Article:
In early 2017, we heard about a gentleman from Upstate New York who was beginning an ambitious project. With “Resurrect Beer,” designer PJ Engel is creating new branding and packaging for a defunct brewery from each state. The project is a fascinating lesson in history, design, and culture. Follow him at @pj_engel.
Soule Brewing in New Orleans, Louisiana, was in operation from 1867–88 under various family owners, beginning with Sabastian Soule. While researching some oddities for inspiration as beer can designs, I found two painful traditions and two vacation worthy places to visit in the Bayou State. (Maybe not everyone’s idea of vacation destinations, but they are now on my list.)
Style: Brown ale
ABV: 4.8 percent
Description: Even though it didn’t involve voodoo directly, I’ve been fascinated by spiritual folkways ever since watching Indiana Jones and the Temple of Doom. Louisiana voodoo is the focus of today’s design, namely the doll. The practice of placing pins into a humanoid figure has been traced back to England, where it was used to cause physical harm to a witch or to bewitch her. The Haitians and Louisiana practitioners have continued a similar practice with figurines that are now referred to as voodoo dolls. Nowadays they are a novelty sold to visitors.
Style: Cherry lambic
ABV: 5.1 percent
Description: I stumbled upon a strange law in the Bayou State. If you were to pull a Mike Tyson and bite another person with your natural teeth, you can be charged with simple assault. However, if you decide to bite someone with false teeth or dentures, you can be charged with aggravated assault. I couldn’t find any bylaws related to dentures that are left embedded in the victim, but that’s where my brain went to next. If you’re wearing false fangs on Halloween, I assume you’d fall under aggravated assault. Tell your kids!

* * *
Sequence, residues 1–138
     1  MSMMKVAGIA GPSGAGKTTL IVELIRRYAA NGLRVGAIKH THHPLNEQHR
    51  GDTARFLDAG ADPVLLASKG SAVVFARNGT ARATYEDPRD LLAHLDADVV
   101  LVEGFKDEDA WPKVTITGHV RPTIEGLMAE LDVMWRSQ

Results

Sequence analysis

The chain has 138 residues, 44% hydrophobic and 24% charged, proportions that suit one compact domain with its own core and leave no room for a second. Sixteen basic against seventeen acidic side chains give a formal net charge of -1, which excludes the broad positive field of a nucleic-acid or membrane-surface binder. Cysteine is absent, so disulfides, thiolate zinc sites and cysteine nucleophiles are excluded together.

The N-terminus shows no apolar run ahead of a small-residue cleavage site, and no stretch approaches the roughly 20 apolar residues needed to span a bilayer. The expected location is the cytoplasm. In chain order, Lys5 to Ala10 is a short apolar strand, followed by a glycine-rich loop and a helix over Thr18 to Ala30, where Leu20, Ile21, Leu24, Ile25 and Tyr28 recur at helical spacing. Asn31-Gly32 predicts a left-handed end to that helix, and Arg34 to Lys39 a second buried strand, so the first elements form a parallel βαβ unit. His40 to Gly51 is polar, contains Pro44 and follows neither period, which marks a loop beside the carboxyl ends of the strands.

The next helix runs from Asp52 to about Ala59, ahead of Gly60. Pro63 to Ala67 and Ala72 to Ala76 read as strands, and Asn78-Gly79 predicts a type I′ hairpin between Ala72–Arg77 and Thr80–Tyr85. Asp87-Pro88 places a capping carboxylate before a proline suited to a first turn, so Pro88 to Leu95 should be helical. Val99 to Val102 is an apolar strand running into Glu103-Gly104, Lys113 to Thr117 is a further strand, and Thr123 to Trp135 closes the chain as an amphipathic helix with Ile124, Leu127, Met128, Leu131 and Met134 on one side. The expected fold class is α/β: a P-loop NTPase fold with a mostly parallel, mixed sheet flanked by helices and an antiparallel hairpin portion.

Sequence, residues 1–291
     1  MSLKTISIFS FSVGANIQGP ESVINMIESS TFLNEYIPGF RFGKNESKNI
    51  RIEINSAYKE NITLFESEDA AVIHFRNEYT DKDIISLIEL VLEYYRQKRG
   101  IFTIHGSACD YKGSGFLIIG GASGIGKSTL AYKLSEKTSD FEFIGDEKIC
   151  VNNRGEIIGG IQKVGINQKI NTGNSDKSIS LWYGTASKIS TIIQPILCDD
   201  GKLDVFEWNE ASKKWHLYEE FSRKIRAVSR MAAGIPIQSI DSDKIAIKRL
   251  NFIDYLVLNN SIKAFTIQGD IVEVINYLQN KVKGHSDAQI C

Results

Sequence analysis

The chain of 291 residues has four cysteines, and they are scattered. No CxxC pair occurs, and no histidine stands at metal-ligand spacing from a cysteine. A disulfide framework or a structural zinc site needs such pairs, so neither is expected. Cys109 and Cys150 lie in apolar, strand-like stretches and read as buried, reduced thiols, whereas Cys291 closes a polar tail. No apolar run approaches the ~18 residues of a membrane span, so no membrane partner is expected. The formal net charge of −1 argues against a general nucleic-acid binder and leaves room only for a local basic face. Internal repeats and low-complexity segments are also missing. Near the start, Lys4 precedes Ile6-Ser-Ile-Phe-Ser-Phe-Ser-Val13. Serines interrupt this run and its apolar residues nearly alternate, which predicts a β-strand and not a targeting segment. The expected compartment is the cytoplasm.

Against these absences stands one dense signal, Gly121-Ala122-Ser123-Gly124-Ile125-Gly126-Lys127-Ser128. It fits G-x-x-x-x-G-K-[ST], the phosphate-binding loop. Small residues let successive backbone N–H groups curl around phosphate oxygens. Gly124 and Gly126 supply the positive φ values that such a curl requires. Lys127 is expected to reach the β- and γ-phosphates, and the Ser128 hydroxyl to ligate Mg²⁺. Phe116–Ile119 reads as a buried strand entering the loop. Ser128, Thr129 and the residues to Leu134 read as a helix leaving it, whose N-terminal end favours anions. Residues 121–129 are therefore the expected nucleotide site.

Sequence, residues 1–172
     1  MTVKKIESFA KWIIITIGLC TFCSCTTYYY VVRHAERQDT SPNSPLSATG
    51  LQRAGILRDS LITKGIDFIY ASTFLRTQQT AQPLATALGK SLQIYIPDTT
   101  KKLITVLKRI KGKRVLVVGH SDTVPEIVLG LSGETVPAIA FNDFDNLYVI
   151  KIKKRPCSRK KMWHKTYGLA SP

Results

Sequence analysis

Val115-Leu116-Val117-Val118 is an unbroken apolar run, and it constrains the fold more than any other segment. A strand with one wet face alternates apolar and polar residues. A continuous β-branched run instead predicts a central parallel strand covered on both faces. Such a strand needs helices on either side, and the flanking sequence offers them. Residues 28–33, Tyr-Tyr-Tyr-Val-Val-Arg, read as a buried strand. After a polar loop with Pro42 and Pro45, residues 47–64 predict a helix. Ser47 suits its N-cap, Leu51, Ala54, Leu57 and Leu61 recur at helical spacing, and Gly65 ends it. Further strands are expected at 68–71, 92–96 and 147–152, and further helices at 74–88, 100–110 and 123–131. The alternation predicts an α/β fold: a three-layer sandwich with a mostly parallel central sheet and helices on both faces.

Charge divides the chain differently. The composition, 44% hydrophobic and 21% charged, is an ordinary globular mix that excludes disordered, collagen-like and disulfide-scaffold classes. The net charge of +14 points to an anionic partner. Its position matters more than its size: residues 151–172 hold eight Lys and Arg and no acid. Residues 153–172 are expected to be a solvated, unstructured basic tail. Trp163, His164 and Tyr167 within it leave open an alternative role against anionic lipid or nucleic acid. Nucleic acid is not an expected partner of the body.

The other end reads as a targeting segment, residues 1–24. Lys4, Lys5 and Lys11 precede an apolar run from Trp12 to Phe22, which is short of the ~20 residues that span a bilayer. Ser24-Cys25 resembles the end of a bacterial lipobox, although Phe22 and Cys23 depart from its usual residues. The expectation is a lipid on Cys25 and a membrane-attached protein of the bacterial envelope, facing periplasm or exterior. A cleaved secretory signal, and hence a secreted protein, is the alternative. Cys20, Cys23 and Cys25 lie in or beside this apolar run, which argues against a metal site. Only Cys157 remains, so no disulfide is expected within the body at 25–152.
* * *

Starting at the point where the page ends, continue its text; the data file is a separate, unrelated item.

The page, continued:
Style: Black gose
ABV: 6.66 percent
Description: Not to be confused with mods and rockers, today’s design is a collaboration beer between Soule and the Museum of Death, which has a location in New Orleans. I’ll be visiting this when I head to New Orleans; a night visit would be fitting. Among the offerings currently on display: body bags, coffins, skull collection, theater of death, antique mortician apparatuses, Manson family photos, crime and morgue photos, artwork and letters from famous murderers, car accident photos, cannibalism, and more morbid oddities. The museum gives fair warning of what you will see, and asks you to leave children and weak stomachs at home. As for the style of beer, I thought a black sour was fitting, and I’ve never seen one yet.
Style: Farmhouse ale
ABV: 6.4 percent
Description: Immersing oneself in a new or different lifestyle can be jarring or refreshing; the latter has been my experience when visiting a rodeo. Admittedly, I enjoy people watching as much as the events. The Louisiana State Penitentiary in Angola hosts a rodeo where inmates are the cowboys and the general public can attend. It began in 1965, with a small arena built by inmates. When it opened to the general public in 1967, patrons had to sit on apple crates or the hood of their cars to watch. As popularity grew, a 4,500 seat arena was built and professional operators were hired for safety and to develop true rodeo events. They even hire professional rodeo clowns for the safety of the inmates.
Next Week: Florida